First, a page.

The 2013-14 NBA season has officially ended, so now it’s time for regular season awards before the real season starts on Saturday. There’s a lot of wiggle room before we’re able to name some of the winners, which is why for Dime‘s 2014 NBA Awards we had our writers and contributors provide their top-three choices in an abridged version of what the NBA does with certain media members. Next up, a battle between a first-year former player and this season’s Coach of the Year, who might as well receive a lifetime achievement award at this point.
Players were awarded three points for first place, two points for second place and one point for third place. Their point totals determined their placement.
This was, by far, our closest race. In the end it came down to a tiebreaker.
3. Tom Thibodeau
Thibs’ hoarse voice awakens us sometimes in the middle of the night and we scream about cutters like we’re in the midst of his vaunted and almost universally copied strong-side defense, while our lady trembles with the dog and tries to calm us down. We’re joking, but only a little. Tom Thibodeau doesn’t kid. He’s the only coach we can think of that has a drill sergeant’s mentality, but — so far, at least — has yet to fall into the Doug Collins cesspool where players ignore his pleads for defense on a string. Not so with Thibodeau’s gloriously blue-collar group in Chicago, where they’ve withstood the loss of Derrick Rose to yet another knee injury and a trade of Luol Deng that must have led to a rather tense meeting between Thibs and Gar Foreman. The Bulls have home-court in the playoffs, and if you think we aren’t secretly hoping for a Bulls-Heat rematch after last season’s closer-than-it-looked humdinger second round series, then you don’t know us very well.
2. Jeff Hornacek
Where do you even begin with the former Jazz shooting guard that made wiping your face on the free throw line an homage to NBA kids everywhere? Hornacek inherited a team many — us included — thought would compete for one of the worst records in league history. Instead, the two-pronged approach with Eric Bledsoe and Goran Dragic worked out nicely — so well, in fact, we’re guessing Phoenix is a little pissed they didn’t lock Bledsoe up with an extension before the Oct. 31 deadline. Despite the uncertainty of Bledsoe’s future, the fact Hornacek got this Phoenix team — with helter-skelter four-fingered Nick Young impersonator Gerald Green, a backcourt with two point guards, Miles “Don’t call me Mason” Plumlee and the Morris twins (in all their mid-range brilliance) — to compete for a playoff spot out West would have meant Hornacek was a lock for COY in any other season. It’s just that the old man in the Alamo was brilliant yet again.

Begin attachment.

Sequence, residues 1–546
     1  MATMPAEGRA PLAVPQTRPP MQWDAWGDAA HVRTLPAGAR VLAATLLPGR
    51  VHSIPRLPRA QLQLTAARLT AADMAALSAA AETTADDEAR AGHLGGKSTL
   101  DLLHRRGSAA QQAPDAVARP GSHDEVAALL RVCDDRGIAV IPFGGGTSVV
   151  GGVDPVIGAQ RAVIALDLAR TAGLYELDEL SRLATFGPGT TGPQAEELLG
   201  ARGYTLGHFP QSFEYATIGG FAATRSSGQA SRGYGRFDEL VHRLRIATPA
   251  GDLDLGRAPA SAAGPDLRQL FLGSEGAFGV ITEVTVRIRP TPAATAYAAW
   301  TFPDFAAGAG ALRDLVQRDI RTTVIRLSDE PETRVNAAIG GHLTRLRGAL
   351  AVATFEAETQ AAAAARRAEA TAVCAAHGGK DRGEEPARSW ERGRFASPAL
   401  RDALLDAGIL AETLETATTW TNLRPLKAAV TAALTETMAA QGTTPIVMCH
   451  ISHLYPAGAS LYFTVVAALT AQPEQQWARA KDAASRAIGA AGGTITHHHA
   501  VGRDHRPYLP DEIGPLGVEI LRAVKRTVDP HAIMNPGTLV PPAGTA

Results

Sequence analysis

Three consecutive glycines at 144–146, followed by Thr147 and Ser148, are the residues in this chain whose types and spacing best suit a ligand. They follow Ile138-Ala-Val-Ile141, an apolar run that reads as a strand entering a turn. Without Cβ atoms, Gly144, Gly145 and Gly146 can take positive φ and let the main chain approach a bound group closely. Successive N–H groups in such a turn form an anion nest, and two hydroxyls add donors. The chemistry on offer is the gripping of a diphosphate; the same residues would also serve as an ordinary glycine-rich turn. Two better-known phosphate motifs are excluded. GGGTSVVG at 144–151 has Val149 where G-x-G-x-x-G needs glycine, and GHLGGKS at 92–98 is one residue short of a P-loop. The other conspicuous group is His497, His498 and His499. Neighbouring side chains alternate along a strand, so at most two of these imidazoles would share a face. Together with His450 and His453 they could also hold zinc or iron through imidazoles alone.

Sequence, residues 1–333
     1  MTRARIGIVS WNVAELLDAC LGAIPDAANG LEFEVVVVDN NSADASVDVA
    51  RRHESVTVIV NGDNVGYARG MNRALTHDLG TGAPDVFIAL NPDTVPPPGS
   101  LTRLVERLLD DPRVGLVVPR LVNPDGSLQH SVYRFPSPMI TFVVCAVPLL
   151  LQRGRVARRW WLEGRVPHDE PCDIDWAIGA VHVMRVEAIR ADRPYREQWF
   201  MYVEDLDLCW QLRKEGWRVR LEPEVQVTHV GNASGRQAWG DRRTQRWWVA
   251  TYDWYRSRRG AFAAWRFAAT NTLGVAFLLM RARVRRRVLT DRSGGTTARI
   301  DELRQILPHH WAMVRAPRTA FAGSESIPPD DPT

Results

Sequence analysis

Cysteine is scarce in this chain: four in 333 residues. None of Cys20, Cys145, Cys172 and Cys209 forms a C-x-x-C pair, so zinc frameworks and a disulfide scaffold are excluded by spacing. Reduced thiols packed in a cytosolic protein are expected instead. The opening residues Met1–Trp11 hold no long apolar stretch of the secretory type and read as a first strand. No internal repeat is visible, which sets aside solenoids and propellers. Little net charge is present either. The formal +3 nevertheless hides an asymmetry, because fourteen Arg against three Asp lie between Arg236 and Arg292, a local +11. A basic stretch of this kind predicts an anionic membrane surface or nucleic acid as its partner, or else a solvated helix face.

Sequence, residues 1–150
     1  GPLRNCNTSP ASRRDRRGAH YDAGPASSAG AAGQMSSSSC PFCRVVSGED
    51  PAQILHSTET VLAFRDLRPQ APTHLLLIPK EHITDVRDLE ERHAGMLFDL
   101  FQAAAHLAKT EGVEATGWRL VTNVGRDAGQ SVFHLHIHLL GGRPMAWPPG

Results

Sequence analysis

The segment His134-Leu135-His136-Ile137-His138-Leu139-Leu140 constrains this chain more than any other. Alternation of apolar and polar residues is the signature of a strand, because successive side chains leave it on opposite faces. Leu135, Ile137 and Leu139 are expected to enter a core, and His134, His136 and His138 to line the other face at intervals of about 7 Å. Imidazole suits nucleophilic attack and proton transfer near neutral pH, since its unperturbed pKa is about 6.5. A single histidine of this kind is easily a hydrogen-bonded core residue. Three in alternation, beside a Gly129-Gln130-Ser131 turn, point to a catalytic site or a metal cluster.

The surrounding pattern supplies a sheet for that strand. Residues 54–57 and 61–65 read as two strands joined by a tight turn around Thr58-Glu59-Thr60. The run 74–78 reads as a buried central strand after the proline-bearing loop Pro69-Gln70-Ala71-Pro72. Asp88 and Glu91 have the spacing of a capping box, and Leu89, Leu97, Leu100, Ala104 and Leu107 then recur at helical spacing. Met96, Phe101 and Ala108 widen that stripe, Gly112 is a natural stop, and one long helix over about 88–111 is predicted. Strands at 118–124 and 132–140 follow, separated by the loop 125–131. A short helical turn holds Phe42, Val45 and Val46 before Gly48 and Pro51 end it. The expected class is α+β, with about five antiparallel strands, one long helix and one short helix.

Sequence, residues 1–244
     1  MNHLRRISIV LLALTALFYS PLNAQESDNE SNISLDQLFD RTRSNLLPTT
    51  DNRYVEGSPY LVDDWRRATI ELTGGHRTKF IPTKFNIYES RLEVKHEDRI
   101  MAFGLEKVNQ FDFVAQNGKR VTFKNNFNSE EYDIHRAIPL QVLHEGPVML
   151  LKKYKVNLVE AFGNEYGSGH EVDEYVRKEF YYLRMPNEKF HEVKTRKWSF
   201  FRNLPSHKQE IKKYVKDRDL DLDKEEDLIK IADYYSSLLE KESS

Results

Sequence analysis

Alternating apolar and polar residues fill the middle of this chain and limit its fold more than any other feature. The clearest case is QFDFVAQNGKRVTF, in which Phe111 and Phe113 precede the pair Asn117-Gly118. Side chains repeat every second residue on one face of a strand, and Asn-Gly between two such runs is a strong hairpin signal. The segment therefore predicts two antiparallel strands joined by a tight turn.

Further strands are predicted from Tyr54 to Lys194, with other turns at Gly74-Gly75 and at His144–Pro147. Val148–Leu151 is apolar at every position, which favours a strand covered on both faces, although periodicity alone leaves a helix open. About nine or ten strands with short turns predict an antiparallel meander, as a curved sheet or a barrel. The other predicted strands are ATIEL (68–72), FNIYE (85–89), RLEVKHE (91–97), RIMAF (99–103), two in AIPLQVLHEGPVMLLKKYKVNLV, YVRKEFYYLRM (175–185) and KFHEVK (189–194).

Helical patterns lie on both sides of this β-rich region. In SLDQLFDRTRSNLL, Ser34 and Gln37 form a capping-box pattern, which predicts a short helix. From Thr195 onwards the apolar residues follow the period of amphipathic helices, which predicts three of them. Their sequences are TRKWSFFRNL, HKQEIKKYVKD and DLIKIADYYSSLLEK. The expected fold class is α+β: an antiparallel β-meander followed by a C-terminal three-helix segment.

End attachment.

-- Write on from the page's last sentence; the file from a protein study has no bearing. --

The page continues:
1. Gregg Popovich
We can all chuckle any time a sideline reporter has the audacity to ask Pop a standard, largely rhetorical question during the league-mandated mid-period interviews (big ups to Craig, who is gonna smash leukemia in the face). We’ll always have a sneaking suspicion Popovich is a spy on some harebrained scheme to create the world’s perfect basketball franchise.
Regardless of whether or not you love the grizzly bear of a coach like we do, you can’t argue with the results from his time on the sidelines. The Spurs again have the league’s best record; they were the only team to achieve more than 60 wins this season and will have the top seed in the gauntlet that is the Western Conference playoffs. Pop has somehow kept Timmey, Manu and Tony Parker from wearing down while using an assortment of foreign-born role players to augment his stars. He’s turned Kawhi Leonard into his own personal disciple, a player who has no time for showboating, but plenty of time for hounding an opponent’s best player (we’re guessing LeBron James wakes up in a cold sweat to this day after Kawhi’s defense in last season’s NBA Finals). Pop is just Pop, and he might not be everyone’s cup of tea, but he’s the closest thing the NBA has to a coaching Svengali these days (New York’s miasma of drama has already seemed to engulf Phil Jackson almost as soon as he took over the reins of their basketball operations). We could all use a little more nasty, it just took Pop to show us.
Despite Pop and Hornacek tying in our poll, with Thibs just a point behind them, Popovich got the most number of first place votes, so he’s the winner. But we should congratulate Toronto’s Dwane Casey and genius GM Masai Ujiri as well as Steve Clifford finally bringing a smile to MJ’s face.
1) Greg Popvich 1st place (4), 2nd place (1), 3rd place (1) = 15
1) Jeff Hornacek 1st place (2), 2nd place (4), 3rd place (1) = 15
3) Tom Thibodeau 1st place (2), 2nd place (2), 3rd place (4) = 14
4) Dwane Casey 1st place (0), 2nd place (1), 3rd place (0) = 2
4) Steve Clifford 1st place (0), 2nd place (0), 3rd place (2) = 2
(H/T Dime contributor Matthew Hochberg for counting votes and doing research)
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